Wearing of Religious Symbols

Here you can read an article on the prohibition of wearing religious symbols.

European Court of Human Rights, Judgment from 15.1.2013 (Case of Eweida and others v. the United Kingdom)

Facts: The plaintiff was an employee at the check-in area of the defendant's airline company since 1999. In 2004, the defendant introduced a new work uniform and ordered its employees among other things, not to wear religious accessories in public during working hours.

The plaintiff is Christian Copt and wore a necklace with a cross pendant. She decided to wear this necklace as a sign of her belief affiliation on 20.05.2006 for the first time in public over her uniform, but followed the orders of their superiors and covered the chain again. On 07.08.2006, she wore the chain for a second time in public and was instructed again to cover it. At that time, she was instructed that she would be dismissed unpaid upon her next violation of the dress code.

On 20.09.2006, the applicant finally refused to take the chain off or cover it and was then dismissed without payment until she would be willing to follow the instructions of the defendant. On 23.10.2006, the defendant offered her a position without customer contact and without a dress code. This offer was turned down by the applicant.

In mid-October 2006 the case became public and the defendant announced in November 2006 that it would review its dress code in terms of religious accessories. In January 2007, the company adopted a new dress code, which generally permits the open wearing of religious symbols, but requires a pre-approval. Certain symbols, for example, the cross or the Star of David are excluded from the requirement and can be worn without consultation. Subsequently, the applicant returned to her workplace on 03.02.2007.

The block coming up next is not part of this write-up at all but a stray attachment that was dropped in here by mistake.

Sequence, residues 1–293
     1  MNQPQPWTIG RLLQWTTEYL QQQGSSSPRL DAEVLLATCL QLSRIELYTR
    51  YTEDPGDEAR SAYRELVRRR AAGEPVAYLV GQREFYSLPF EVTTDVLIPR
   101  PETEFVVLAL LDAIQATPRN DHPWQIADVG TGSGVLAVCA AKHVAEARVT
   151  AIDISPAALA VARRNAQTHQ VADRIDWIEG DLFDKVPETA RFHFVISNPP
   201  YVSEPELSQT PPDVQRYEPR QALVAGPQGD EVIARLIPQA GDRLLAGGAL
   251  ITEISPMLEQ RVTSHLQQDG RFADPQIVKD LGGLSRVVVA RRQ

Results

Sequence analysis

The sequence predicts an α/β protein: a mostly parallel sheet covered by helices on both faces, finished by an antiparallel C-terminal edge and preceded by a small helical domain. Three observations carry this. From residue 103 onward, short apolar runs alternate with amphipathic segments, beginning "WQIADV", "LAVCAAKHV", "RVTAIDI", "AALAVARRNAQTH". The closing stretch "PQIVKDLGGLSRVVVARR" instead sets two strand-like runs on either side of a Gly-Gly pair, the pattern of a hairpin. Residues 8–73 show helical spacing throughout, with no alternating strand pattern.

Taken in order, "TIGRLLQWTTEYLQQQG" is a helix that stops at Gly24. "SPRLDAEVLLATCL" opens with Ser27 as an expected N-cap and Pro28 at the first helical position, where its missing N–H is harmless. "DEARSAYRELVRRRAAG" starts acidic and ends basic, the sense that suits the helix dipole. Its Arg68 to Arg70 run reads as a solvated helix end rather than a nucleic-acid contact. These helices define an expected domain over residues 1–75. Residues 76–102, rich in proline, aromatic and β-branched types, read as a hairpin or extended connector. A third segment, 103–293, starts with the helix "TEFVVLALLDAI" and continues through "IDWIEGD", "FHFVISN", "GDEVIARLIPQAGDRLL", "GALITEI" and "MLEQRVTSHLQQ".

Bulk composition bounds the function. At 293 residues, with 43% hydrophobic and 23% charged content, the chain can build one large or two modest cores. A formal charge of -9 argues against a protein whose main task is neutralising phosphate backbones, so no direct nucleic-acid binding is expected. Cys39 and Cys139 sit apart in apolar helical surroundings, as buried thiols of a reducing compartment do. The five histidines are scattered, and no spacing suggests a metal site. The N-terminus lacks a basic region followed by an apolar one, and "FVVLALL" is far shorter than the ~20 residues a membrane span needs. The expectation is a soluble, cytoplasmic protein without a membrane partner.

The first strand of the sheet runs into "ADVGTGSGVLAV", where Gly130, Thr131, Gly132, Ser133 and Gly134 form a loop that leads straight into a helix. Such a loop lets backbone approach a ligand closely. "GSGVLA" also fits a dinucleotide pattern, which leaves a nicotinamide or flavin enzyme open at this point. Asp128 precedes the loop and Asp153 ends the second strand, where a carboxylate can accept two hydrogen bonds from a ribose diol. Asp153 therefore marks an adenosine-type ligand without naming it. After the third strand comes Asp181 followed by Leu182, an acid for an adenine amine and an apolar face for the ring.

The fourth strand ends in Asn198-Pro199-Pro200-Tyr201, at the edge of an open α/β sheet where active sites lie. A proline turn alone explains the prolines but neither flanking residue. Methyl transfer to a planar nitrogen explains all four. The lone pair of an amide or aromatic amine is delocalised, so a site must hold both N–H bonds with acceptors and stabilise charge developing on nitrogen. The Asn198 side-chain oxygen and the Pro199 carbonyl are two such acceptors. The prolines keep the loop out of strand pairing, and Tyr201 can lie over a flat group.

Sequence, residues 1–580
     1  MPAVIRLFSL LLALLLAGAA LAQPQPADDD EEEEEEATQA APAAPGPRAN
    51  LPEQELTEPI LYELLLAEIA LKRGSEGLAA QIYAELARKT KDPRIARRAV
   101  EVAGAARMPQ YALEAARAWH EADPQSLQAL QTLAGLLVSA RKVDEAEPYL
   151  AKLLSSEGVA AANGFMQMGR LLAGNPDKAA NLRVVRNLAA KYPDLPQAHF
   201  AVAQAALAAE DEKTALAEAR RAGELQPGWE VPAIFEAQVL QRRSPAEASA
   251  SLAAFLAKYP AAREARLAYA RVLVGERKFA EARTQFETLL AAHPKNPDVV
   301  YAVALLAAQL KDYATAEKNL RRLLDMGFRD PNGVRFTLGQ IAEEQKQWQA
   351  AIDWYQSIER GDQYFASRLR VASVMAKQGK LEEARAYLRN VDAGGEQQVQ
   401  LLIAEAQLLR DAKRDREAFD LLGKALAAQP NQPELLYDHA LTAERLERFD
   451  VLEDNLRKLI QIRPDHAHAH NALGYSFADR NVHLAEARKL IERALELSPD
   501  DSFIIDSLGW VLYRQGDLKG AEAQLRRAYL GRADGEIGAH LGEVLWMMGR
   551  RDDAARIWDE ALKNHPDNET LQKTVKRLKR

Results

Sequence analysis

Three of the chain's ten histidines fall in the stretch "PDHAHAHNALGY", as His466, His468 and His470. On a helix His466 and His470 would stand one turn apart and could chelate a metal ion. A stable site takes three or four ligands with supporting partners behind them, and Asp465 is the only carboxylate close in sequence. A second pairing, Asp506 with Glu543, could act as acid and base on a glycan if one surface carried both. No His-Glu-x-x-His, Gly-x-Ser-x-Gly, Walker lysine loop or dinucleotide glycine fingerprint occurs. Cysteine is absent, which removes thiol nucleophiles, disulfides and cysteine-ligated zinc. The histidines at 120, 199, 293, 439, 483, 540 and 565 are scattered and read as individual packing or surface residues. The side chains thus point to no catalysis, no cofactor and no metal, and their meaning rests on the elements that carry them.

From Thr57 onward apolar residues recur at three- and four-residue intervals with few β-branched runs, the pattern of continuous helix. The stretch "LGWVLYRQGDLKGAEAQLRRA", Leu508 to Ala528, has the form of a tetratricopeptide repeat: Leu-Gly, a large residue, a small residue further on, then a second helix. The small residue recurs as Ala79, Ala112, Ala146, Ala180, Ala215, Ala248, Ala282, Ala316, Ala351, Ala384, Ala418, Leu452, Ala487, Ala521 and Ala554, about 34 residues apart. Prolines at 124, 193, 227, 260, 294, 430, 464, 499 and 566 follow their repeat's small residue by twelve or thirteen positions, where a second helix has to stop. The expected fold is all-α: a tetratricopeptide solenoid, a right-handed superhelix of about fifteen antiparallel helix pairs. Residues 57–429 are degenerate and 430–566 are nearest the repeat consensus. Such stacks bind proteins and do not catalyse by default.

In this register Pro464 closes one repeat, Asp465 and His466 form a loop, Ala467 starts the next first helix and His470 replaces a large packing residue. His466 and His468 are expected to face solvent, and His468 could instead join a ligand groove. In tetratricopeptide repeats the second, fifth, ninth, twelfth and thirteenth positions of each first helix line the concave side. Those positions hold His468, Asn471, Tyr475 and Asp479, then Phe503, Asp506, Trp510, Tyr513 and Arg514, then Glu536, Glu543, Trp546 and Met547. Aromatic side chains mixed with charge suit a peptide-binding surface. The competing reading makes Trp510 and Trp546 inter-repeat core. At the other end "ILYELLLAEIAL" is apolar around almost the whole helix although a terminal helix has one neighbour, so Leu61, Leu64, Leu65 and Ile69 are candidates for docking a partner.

The cause of action was the applicant´s paid vacation from 20.09.2006 to 02.02.2007. The applicant was considered to have been discriminated against by the defendant and to have suffered damages through salary loss. The defendant refused to compensate for the lost wages.

Judgment: By the applicant´s insisting on wearing her necklace with the cross, she acted on the basis of her religious beliefs and practicing these beliefs. This was offset by the interest of the defendant to present a certain image to customers through a unified appearance. The applicant's chain was inconspicuous and it is unlikely that this would have distracted customers. There is no evidence, that religious symbols, which other workers wore after approval, destroyed the uniform image of the defendant's company.

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